He reentered the house, and the housekeeper Nancy met him at the door. “The sheriff’s here to see you. He’s in the dining room.”
Blake passed through the dining room to the kitchen, washed his hands and returned. “Morning, Sheriff.”
The sheriff ignored the greeting. “Your man Wortheim is causing problems. He may have killed Jack Thomas. We can’t prove it yet, and the widow doesn’t have hard evidence.”
Blake stared at the sheriff. “Are you going to arrest him?”
“No, she didn’t give us enough information, and I don’t have enough evidence for an arrest, Andersen. But your man threatened to shoot her husband, and he was shot. I wouldn’t keep a man like that around if I were you.” The sheriff pushed his hat back on his head.
Blake frowned. The sheriff had no call telling him how to run his ranch. “I’ll take care of it, so go on back to town. I’ll see what he has to say. If I hear or see any evidence against him, I won’t protect him from justice.”
“Fine. I may be back if something turns up.”
The tall man turned and slammed the door. He’s on the farmers’ side. But he’s been fair in the past, and he probably doesn’t have a grudge against Wortheim or me. Blake limped to the door to watch the sheriff’s buckskin horse gallop away.
So the foreman had threatened Jack Thomas. Blake sighed. Wortheim could take a foreman job with just about any other rancher in the area. He seemed to get more work out of the men than Blake himself. If Wortheim left, Blake would have to promote one of his men or hire a new foreman. Several cowboys in town needed jobs, but they might want to go back to Texas for the spring calving and drives, just when they were needed most for the roundup here.
A spasm of pain struck his leg then, and he clutched the door frame to support himself until it passed. Too much walking today, or maybe snow was on its way. He could sometimes feel a storm coming.
When the pain subsided, he opened the door and went out on the wide porch. “Jake! You seen Wortheim?”
Jake jumped down from the corral fence, and his wide brimmed hat flew off his head. “Yeah! He’s out in the north ridge area. You want me to go get him?”
“Bring him back here right away, and don’t take no for an answer!” It would take an hour to ride there and back. Blake thought he might rest his leg, but there were the accounts to look over. It would have to wait.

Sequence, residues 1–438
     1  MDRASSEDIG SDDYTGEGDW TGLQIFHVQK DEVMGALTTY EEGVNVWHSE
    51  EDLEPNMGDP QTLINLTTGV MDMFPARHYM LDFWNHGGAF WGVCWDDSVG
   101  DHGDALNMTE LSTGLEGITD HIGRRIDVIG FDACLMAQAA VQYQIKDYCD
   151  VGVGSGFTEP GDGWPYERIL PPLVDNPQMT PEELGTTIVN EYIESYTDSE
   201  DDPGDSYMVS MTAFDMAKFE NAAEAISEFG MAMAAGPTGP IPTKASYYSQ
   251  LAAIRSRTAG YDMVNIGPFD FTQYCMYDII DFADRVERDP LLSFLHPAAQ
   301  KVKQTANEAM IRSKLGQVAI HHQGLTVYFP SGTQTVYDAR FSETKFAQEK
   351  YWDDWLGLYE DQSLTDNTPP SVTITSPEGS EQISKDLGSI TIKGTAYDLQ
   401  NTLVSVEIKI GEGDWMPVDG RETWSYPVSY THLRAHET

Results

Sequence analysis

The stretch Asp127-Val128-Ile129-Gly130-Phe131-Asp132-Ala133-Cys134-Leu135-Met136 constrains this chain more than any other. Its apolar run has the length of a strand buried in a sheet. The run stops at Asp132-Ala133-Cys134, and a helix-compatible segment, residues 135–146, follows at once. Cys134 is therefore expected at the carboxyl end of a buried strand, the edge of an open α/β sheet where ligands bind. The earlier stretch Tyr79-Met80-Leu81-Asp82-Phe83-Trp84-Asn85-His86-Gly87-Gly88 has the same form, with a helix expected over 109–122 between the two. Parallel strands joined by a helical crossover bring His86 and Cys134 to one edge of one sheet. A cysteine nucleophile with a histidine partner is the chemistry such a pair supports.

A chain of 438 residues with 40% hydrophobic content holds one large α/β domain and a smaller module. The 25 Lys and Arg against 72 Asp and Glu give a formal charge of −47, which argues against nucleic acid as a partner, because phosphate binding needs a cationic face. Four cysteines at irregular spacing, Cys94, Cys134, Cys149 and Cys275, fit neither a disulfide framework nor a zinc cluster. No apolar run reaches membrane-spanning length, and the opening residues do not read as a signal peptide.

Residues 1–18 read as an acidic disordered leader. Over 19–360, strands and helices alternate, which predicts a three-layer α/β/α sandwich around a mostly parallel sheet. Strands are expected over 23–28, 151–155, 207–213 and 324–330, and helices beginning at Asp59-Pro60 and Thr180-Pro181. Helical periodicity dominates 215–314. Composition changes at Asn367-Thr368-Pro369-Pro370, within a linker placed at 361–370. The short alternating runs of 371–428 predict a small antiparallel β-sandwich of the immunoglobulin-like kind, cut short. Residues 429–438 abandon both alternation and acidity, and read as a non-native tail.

He trudged to his desk and went over the numbers again, though he could have figured them in his sleep. He stood to lose half his herd this year if the winter were as severe as he thought it might be. Some of the hands would leave for Texas for the drives after the spring calf roundup. When they returned in the late summer with the gaunt longhorns, a skeleton crew would brand any remaining cattle. In the fall, they would drive their cows to Ellsworth. But the year ahead would be difficult, and and if another drought, or a prairie fire, came to Rice County, he would be finished. Nothing would be left for Chris, except the land and the house. He had imagined the house full of children at one time, but now—
He regarded the library’s dark walls, paneled in cherry and pine. Hunting trophies hung in the dining room down the hall, and bare floors prevailed throughout the house. The kitchen was primitive and lacked a stove; they cooked meals over a huge fireplace. The cook, Okie, was a veteran of the cattle drives, and so did not miss such modern contrivances. There was no parlor, and the rooms flowed into each other with wide doorways and no doors. A great dark stairway made of half-logs cut from oaks on the banks of the Arkansas River led to the second floor bedrooms.
Loud voices outside aroused him from his thoughts. The men always joked with Wortheim, though warily, as if they were afraid not to laugh at his jibes.
Wortheim stood in the library doorway and regarded Blake down his nose. “What you want to see me about, boss?”
Blake stood, ignoring the pain in his leg. “Did you threaten the Thomases?”
“What you mean, threaten? I told them to leave our cattle alone. The sod-bust— farmers is killing them left and right. If you want to let them rustle your cattle, that’s up to you.” He shrugged and leaned his skinny frame against the doorjamb, chewing his tobacco wad.
Blake’s eyes narrowed as he watched the foreman for a sign of guilt or remorse. “Mrs. Thomas said you threatened her and her husband. Now he’s dead.”
Wortheim wiped his hand on his dirty pant leg, his face blank. “You accusing me? I never shot no one.”
“How did you know he was shot?”
“I don’t. I guessed.” Wortheim tipped his hat back and looked out toward the front door, as if the conversation was over and he had better things to do.
“I think you know more about this than you’re saying.” Blake held onto the desk to keep from walking over and throwing the man out of the house.
The foreman jerked himself away from the door jamb. “I ain’t got time for this. I ain’t done nothing.”
“Nothing but threaten to kill a man and his family! Clear off my land. You’re fired!”
The foreman turned back, and his jaw dropped. “You can’t fire me! Your hands don’t know nothing about running this place! And you can’t ride more than five miles without passing out! You’ll be washed up in no time—”
Blake reached for his gun. “Get off my land, now! I want you gone by sundown!” His voice reverberated through the library.
Wortheim stood in the doorway, unwavering. “Fine! But half the hands will go with me, and you know it’s not a threat!”